Silly Seasons
  |  First Published: August 2005

Everyone knows that fish have seasons but this year it’s the fish that are having trouble recognising one from the other.

Fishing in Bass Strait has been great, if unusual. Whether this is to do with the very settled and uncharacteristically warm weather and water temperatures or, as some are suggesting, with the tsunami is anyone’s guess but it’s we fishermen who are reaping the benefits.

Central Bass Strait continues to produce sharks in mid-winter. There’s nothing unusual about that but it’s the sheer number of them that has experienced anglers scratching their heads.

Central Bass Strait has seen huge numbers of blue sharks available for those setting constant berley trails in the krill zone. Even makos are still making appearances with some caught as late as July.

Speaking of the ‘krill zone’, in the 15 years I have fished seriously in Bass Strait I have never seen anything like the red corridor of these tiny shrimp. On some days they are clouding the water from top to bottom in 70m of water.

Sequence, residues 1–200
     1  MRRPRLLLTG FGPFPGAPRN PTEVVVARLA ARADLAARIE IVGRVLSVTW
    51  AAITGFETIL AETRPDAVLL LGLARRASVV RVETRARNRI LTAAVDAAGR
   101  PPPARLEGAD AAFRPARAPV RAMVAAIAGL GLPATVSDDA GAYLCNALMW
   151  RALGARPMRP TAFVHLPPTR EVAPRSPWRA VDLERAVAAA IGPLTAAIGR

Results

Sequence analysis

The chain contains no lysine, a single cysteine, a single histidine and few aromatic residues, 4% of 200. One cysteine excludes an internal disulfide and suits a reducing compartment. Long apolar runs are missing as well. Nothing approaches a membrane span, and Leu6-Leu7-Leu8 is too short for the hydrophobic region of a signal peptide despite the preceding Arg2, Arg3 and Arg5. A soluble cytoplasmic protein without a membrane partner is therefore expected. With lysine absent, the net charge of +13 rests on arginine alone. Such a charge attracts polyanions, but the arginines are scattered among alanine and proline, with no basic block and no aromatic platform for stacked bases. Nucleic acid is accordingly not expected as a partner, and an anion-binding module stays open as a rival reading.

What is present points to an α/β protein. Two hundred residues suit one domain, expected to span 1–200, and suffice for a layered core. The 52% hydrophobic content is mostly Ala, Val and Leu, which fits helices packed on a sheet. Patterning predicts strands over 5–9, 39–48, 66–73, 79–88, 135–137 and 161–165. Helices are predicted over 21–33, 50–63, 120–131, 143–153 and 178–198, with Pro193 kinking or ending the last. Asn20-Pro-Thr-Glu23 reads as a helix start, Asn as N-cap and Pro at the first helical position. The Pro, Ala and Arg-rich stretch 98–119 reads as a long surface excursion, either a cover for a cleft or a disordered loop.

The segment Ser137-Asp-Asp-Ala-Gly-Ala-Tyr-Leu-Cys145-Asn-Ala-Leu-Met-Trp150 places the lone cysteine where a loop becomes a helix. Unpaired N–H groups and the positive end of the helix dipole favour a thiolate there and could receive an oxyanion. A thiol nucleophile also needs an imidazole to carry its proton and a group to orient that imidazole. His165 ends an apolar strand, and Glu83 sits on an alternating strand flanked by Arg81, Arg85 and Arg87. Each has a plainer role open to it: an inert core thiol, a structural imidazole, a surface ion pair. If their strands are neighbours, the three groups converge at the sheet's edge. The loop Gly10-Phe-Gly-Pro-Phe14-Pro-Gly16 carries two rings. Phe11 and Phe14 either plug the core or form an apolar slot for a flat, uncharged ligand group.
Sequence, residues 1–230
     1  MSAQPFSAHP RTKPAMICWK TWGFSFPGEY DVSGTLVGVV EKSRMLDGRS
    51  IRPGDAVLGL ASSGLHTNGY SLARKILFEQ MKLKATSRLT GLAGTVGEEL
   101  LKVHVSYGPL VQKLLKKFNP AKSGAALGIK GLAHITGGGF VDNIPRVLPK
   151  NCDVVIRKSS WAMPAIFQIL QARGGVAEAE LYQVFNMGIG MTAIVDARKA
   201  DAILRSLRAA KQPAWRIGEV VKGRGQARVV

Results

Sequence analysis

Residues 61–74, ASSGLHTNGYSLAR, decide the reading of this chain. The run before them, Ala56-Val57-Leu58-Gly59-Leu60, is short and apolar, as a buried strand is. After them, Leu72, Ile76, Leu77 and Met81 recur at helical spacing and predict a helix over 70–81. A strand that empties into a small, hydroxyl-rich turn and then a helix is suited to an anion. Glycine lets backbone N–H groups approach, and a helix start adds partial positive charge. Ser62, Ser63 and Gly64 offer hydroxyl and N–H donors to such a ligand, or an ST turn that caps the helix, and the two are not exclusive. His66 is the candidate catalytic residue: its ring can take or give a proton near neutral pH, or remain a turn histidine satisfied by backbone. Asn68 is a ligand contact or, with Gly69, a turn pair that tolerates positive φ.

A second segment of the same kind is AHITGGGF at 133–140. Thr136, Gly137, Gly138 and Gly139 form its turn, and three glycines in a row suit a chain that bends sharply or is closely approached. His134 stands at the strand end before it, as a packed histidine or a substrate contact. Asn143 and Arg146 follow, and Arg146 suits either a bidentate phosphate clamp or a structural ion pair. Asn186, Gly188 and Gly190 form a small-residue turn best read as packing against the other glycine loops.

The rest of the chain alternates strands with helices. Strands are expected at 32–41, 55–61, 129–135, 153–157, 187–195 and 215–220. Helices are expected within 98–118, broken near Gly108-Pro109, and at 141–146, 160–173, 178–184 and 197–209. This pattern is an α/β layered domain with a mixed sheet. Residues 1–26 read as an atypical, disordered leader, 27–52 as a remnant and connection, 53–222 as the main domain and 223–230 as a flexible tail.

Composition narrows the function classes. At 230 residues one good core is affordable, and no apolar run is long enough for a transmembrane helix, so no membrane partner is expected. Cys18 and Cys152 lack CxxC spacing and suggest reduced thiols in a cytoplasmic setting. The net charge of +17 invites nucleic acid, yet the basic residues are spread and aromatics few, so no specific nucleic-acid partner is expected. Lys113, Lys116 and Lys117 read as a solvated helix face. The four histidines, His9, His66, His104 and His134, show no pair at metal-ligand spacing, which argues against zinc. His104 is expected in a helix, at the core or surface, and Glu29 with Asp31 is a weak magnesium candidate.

I suspect that this krill is responsible for the arrival of several different species of whales to our inshore waters including orcas, which were spotted along our coastline and even made a foray into Port Phillip Bay.

Apart from the krill numbers, massive schools of frogmouth pilchards and whitebait have given our fish plenty to dine on. The salmon schools just outside the heads are certainly taking advantage of this banquet.

On the bottom fishing side of things snapper continue to be a feasible target in water ranging from 20m to 75m with the better fish nudging 4kg. These fish are also gorging themselves on krill because they have a pink tinge to their flesh.

Some very respectable gummy sharks and reef species such as jackass morwong, nannygai and pike have made up the remainder of catches with an added plus of healthy flathead over the sandier areas.

I would expect the fishing to slow somewhat in August but you never know. The way things have been going, the good catches might continue. If not, we will be in for one hell of a season when it starts, or is that finishes? I’m confused!


Offshore fishermen should keep an eye on the expiry date of their EPIRB and be aware that the old 121/243MHz units will be phased out shortly. The more expensive but more effective 406MHz units will replace them.

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